Our Story

Listening to whales since 1970

Dr. Paul Spong arrived on Hanson Island in 1970 to study wild orcas, with little more than a tent and hydrophone. What started as a summer project led to year-round monitoring and, by the late 1970s, Paul and his family were living there permanently. The lab and surrounding buildings were built out of wood and added to over the last 50 years, as the demands of research and living have increased. Every summer the lab hosts approximately 10 to 20 volunteers who contribute to the 24/7 running of the lab, as the Northern Resident Orcas chat, forage, and socialize day and night.

What we do

Our research has always focussed on listening to whales and their underwater environment. Orcas are highly acoustic beings and rely on sound to hunt, socialize, communicate and travel. Our hydrophone network allows us a window into their world 24 hours a day, and our round-the-clock efforts contribute to a fuller picture of their lives.

We have witnessed some incredible moments from other marine mammals, too. Bigg’s orcas, humpback whales, dolphins, porpoises, seals and sea lions all contribute to this marine soundscape; their lives are varied and rich.

Noise: The invisible threat

Through our decades of research, one thing has become evidently clear: Most of the time, we can no longer listen to whales and dolphins without boat noise.

The waters of the ‘Inside Passage’ between Vancouver Island and the mainland are increasingly popular for cruise ships, cargo ships and pleasure craft. It is not uncommon to have one large, slow ship audible within our range for several hours at time, as well as many smaller crafts that are on the water for fishing, travel or whale watching.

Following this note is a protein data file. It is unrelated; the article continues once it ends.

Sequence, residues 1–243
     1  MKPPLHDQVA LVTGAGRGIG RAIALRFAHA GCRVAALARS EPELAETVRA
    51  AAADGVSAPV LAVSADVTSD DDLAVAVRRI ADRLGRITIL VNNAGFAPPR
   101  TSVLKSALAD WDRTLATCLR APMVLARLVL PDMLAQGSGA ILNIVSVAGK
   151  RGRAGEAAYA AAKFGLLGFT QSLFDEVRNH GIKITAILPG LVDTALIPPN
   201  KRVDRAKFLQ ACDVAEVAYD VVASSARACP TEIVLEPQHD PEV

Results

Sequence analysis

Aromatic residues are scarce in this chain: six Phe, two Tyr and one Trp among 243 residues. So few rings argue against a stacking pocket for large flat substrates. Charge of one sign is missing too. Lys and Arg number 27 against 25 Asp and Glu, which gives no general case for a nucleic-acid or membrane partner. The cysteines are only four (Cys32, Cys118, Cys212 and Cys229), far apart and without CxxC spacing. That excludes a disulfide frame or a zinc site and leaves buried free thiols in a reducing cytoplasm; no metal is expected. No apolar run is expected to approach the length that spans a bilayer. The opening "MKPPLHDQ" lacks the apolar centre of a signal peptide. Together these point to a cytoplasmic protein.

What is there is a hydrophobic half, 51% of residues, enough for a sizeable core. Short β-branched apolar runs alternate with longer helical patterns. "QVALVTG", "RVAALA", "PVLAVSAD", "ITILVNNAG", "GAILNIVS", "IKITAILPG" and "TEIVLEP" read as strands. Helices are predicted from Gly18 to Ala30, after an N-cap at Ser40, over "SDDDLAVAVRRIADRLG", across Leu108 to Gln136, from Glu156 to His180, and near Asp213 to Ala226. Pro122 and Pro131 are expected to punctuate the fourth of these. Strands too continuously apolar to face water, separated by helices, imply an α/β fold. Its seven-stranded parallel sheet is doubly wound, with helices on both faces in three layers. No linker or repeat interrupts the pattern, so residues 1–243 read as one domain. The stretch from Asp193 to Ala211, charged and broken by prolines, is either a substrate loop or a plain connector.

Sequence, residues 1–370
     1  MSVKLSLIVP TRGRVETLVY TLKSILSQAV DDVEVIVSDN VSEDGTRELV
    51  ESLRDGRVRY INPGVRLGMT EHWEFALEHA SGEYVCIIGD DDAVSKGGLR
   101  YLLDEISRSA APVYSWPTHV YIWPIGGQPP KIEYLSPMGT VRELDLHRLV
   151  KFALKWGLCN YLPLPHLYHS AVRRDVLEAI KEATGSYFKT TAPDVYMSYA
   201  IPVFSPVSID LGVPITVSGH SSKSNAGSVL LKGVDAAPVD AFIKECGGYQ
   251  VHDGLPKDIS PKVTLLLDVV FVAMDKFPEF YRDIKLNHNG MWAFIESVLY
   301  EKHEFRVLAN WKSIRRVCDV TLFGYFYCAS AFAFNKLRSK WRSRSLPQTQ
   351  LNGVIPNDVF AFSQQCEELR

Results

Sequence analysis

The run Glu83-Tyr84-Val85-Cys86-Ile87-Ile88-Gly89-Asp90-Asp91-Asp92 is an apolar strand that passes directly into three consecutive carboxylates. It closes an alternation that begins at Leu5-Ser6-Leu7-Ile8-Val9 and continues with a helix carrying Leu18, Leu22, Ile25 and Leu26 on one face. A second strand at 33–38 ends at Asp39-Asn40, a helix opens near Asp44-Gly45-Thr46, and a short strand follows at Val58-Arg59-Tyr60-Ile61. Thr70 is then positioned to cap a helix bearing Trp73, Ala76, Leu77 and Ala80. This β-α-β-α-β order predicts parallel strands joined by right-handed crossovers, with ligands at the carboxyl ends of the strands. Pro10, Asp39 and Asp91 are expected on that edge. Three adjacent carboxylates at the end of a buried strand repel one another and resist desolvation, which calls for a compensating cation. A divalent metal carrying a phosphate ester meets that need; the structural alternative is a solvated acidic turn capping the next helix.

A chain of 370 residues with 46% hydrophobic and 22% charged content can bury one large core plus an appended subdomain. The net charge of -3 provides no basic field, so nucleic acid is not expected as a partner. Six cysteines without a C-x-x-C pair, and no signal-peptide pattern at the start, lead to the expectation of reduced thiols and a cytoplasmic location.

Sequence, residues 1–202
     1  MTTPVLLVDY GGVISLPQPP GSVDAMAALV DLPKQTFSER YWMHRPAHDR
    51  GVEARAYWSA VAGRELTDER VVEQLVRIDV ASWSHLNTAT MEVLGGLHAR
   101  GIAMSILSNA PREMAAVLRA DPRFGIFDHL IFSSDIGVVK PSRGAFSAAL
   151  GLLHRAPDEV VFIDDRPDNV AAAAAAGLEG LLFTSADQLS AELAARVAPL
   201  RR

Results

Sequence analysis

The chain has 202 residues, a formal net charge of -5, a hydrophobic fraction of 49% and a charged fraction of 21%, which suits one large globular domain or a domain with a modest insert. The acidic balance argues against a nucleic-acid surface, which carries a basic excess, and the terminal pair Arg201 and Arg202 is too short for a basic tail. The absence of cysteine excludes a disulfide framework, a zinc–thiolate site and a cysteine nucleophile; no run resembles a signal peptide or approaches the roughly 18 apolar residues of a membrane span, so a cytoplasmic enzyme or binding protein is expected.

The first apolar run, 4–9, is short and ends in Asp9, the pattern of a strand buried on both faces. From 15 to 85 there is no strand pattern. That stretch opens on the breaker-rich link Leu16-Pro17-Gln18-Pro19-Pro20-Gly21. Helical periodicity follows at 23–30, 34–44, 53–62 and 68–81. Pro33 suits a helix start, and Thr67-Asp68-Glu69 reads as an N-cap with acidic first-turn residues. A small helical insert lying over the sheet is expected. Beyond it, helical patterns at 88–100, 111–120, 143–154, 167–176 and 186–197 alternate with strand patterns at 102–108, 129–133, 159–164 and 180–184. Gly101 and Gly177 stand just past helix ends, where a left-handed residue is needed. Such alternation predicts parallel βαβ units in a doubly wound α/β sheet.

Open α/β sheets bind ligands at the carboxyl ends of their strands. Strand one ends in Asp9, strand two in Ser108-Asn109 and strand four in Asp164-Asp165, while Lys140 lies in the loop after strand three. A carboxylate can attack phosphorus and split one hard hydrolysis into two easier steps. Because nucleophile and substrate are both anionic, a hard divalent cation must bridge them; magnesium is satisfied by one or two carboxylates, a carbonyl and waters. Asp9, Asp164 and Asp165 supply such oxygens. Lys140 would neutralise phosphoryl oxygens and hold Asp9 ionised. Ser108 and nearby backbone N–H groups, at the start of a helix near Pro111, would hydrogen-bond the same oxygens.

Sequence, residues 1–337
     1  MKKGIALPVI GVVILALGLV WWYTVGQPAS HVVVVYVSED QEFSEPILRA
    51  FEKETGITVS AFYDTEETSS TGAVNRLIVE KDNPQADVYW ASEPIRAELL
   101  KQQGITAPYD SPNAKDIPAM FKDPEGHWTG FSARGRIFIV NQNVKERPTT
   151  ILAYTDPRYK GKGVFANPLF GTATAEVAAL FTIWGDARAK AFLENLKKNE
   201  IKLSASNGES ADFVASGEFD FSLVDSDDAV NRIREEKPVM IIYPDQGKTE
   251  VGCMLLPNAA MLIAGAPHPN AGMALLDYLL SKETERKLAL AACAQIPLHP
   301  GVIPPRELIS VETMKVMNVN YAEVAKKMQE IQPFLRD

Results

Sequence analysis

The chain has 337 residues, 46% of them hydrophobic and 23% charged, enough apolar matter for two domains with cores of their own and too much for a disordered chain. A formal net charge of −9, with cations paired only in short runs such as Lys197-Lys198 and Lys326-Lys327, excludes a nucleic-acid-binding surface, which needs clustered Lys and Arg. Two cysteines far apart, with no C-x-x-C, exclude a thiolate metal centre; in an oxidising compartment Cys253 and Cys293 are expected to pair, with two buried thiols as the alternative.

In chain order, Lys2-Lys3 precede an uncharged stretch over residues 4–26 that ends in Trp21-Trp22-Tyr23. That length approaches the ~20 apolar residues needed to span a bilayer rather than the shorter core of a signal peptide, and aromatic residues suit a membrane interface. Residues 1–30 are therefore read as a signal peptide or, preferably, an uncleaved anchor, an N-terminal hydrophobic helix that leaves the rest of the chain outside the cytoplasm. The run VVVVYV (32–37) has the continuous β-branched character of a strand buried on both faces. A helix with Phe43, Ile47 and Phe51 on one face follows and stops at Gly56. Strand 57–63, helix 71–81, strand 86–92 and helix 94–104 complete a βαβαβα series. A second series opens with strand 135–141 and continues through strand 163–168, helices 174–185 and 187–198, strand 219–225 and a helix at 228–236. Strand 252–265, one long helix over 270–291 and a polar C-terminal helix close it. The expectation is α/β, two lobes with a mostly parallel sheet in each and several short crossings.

We can simply choose to turn down the volume, but the whales cannot. Noise pollution is as great a threat to cetaceans as chemical pollutants and marine debris. It’s time to listen.

Over the years…

OrcaLab has seen many people through its doors over the past five decades. Some of our volunteers return year after year, and many have gone on to pursue careers in conservation, ocean science and marine mammal research. We are exceptionally fortunate to have such dedicated people who believe in our ethos and want to help us carry out our work.

Since we began, we have focused primarily on the intricacies of the Northern Resident orca population. We have watched their dynamics evolve and shared in every joy of a new baby or the sad death of a beloved individual. We know each orca by name and each family by its distinct acoustic repertoire.

Our research has aided in the designation of the Johnstone Strait as Critical Habitat for the orca population, and ours remains one of the longest-standing monitoring projects on a single population of cetaceans, worldwide.

Photo: Jared Towers

Become part of our story

OrcaLab would not be where we are today without the help of countless individuals. Whether by volunteering time, providing financial support or simply sharing what we do with others: every contribution counts.

Listen now

Stream our live hydrophone audio